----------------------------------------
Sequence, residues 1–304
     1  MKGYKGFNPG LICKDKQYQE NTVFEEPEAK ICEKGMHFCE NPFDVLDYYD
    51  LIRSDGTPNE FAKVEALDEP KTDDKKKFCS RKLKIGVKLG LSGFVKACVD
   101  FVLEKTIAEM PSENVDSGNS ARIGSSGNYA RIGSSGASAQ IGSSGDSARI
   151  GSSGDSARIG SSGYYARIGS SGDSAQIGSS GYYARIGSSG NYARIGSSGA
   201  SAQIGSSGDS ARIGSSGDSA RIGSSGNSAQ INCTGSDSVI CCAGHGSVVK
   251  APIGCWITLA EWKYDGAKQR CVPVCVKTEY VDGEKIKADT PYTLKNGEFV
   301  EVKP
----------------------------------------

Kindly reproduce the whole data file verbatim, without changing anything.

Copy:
Sequence, residues 1–304
     1  MKGYKGFNPG LICKDKQYQE NTVFEEPEAK ICEKGMHFCE NPFDVLDYYD
    51  LIRSDGTPNE FAKVEALDEP KTDDKKKFCS RKLKIGVKLG LSGFVKACVD
   101  FVLEKTIAEM PSENVDSGNS ARIGSSGNYA RIGSSGASAQ IGSSGDSARI
   151  GSSGDSARIG SSGYYARIGS SGDSAQIGSS GYYARIGSSG NYARIGSSGA
   201  SAQIGSSGDS ARIGSSGDSA RIGSSGNSAQ INCTGSDSVI CCAGHGSVVK
   251  APIGCWITLA EWKYDGAKQR CVPVCVKTEY VDGEKIKADT PYTLKNGEFV
   301  EVKP